• author
    • Kelvin Wade

      Columnist
    • November 22, 2013 in Columnists

    Nuclear option? Armageddon It!

    KABOOM! Senate Majority Leader and his fellow Democrats finally found a pair and detonated the so-called nuclear option on Thursday. Instead of having to amass 60 votes just to get a straight up and down vote on a judicial nominee, now a simple majority will suffice. My question is: What took them so long?

    If you take away just one thing from this column today, it’s this fact: Half of the judicial nominees that have been filibustered in the entire history of the United States have been President Obama’s nominees. If that doesn’t tell you that the Senate Republicans have thoroughly abused a Senate rule, I don’t know what else to say to you.

    While it’s been known as the “nuclear option” for some time, I don’t believe it was. The nuclear option was what Republicans were doing. Why should a nominee have to hurdle a super-majority just to get an up and down vote? Why give one Senator the power to block a president’s nominees?

    And for all the talk of going back to the Constitution by Tea Party Republicans, the fact that they bemoan this maneuver by the Democrats speaks volumes about their real sensibilities. The filibuster isn’t in the Constitution. Tea Partiers should be applauding the move.

    Movement conservatism is based on three goals. Low taxation (especially for the well-to-do), conservative judges and social issues like abortion and gay marriage. Conservatives hold judicial appointments in extreme high regard. It’s why while they loathed George W. Bush’s spending; they consider his judicial appointments a big success. Judges shape our society for a lot longer than a President.

    Republicans warned Democrats that they’d regret this when they’re once again in the minority. Three Democrats voted against the change. Some progressive pundits have worried about that, too. But if you’re wringing your hands over this, then you haven’t been paying attention to politics in the last twenty years. Your dad’s Republican Party has died off, been silenced or neutered. Today’s Republicans would not have hesitated to invoke the nuclear option. Remember, this is the party that shut down the government because they didn’t want a law they disagreed with to go into effect. This is the party that threatened to drive us off the fiscal cliff and bring down the world economy. Would they hesitate to kill the filibuster if it meant packing the courts with conservative judges? Please.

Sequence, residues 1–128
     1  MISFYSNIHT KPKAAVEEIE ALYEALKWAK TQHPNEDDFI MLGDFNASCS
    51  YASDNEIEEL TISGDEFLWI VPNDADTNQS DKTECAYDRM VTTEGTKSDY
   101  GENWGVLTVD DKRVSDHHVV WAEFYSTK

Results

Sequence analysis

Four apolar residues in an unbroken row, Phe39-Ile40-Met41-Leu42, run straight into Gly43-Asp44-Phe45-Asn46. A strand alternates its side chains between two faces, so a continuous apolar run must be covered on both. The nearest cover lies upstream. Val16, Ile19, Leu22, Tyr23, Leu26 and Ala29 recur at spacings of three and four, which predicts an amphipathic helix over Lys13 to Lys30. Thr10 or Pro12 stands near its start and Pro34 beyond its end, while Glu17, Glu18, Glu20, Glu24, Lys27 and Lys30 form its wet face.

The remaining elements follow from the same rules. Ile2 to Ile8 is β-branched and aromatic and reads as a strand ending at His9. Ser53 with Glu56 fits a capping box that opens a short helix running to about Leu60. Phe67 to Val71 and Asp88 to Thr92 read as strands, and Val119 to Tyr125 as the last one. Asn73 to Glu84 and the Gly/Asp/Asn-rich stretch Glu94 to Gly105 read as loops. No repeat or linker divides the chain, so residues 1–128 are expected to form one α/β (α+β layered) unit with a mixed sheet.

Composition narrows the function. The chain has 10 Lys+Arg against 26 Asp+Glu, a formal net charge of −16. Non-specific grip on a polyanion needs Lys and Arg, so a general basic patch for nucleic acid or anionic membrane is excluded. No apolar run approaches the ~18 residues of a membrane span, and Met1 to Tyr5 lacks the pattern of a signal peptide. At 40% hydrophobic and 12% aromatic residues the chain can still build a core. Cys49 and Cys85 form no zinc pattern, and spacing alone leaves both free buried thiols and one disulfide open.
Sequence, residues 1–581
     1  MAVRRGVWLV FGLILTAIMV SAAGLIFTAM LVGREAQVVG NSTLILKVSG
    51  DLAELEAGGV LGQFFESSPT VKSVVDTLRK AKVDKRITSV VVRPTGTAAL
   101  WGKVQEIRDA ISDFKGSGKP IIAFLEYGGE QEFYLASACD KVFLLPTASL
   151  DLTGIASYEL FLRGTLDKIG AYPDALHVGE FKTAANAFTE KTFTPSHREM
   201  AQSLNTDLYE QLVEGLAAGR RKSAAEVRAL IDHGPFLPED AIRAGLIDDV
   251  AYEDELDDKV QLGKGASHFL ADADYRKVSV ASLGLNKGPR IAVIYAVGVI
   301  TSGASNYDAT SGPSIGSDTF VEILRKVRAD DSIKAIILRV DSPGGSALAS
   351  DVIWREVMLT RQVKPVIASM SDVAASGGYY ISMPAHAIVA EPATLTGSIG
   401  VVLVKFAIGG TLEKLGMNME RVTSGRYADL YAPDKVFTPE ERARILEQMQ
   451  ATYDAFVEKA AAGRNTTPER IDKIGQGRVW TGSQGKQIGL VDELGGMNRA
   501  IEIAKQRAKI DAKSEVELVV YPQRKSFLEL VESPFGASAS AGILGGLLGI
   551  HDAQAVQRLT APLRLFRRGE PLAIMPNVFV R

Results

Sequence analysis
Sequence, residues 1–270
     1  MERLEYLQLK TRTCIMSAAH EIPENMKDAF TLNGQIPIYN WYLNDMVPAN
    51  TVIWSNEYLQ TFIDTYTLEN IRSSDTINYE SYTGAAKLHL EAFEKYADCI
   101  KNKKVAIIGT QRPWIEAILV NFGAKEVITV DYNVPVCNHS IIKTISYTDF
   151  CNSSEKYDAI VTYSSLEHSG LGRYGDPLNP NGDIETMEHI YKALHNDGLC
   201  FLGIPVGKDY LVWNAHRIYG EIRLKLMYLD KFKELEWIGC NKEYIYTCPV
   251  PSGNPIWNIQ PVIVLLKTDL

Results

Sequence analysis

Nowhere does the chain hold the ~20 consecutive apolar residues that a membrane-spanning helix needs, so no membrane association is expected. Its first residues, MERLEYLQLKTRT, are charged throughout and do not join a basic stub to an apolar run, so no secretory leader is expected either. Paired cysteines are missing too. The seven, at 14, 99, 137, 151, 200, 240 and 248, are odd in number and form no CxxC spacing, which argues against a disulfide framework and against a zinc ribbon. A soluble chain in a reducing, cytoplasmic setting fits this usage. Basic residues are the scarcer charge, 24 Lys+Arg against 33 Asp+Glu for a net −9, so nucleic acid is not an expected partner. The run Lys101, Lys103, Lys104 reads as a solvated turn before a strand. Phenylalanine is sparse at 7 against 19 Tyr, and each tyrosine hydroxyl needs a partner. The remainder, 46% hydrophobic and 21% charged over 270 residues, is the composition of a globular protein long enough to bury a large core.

Already, Sen. Chuck Grassley says Republicans may expand the option to Supreme Court nominees.

    That’s the biggest problem with the Democrats’ version of filibuster reform. I’ve long thought the greatest political battle most of us will see in our lifetime is if a conservative Supreme Court Justice dies on President Obama’s watch. The right wing would pull out all the stops to prevent the court swinging to the liberals. Right now, it’s 5-4 in favor of conservative justices. Why did the Democrats leave this undone?

    The Democrats should’ve gone all the way with the filibuster. Yes, it’s great that President Obama will be able to make Executive Branch and judicial nominees without the partisan blockade. But you can’t go a little bit nuclear. End the filibuster for Supreme Court nominees AND legislation. Why shouldn’t nominees and legislation get an up or down vote?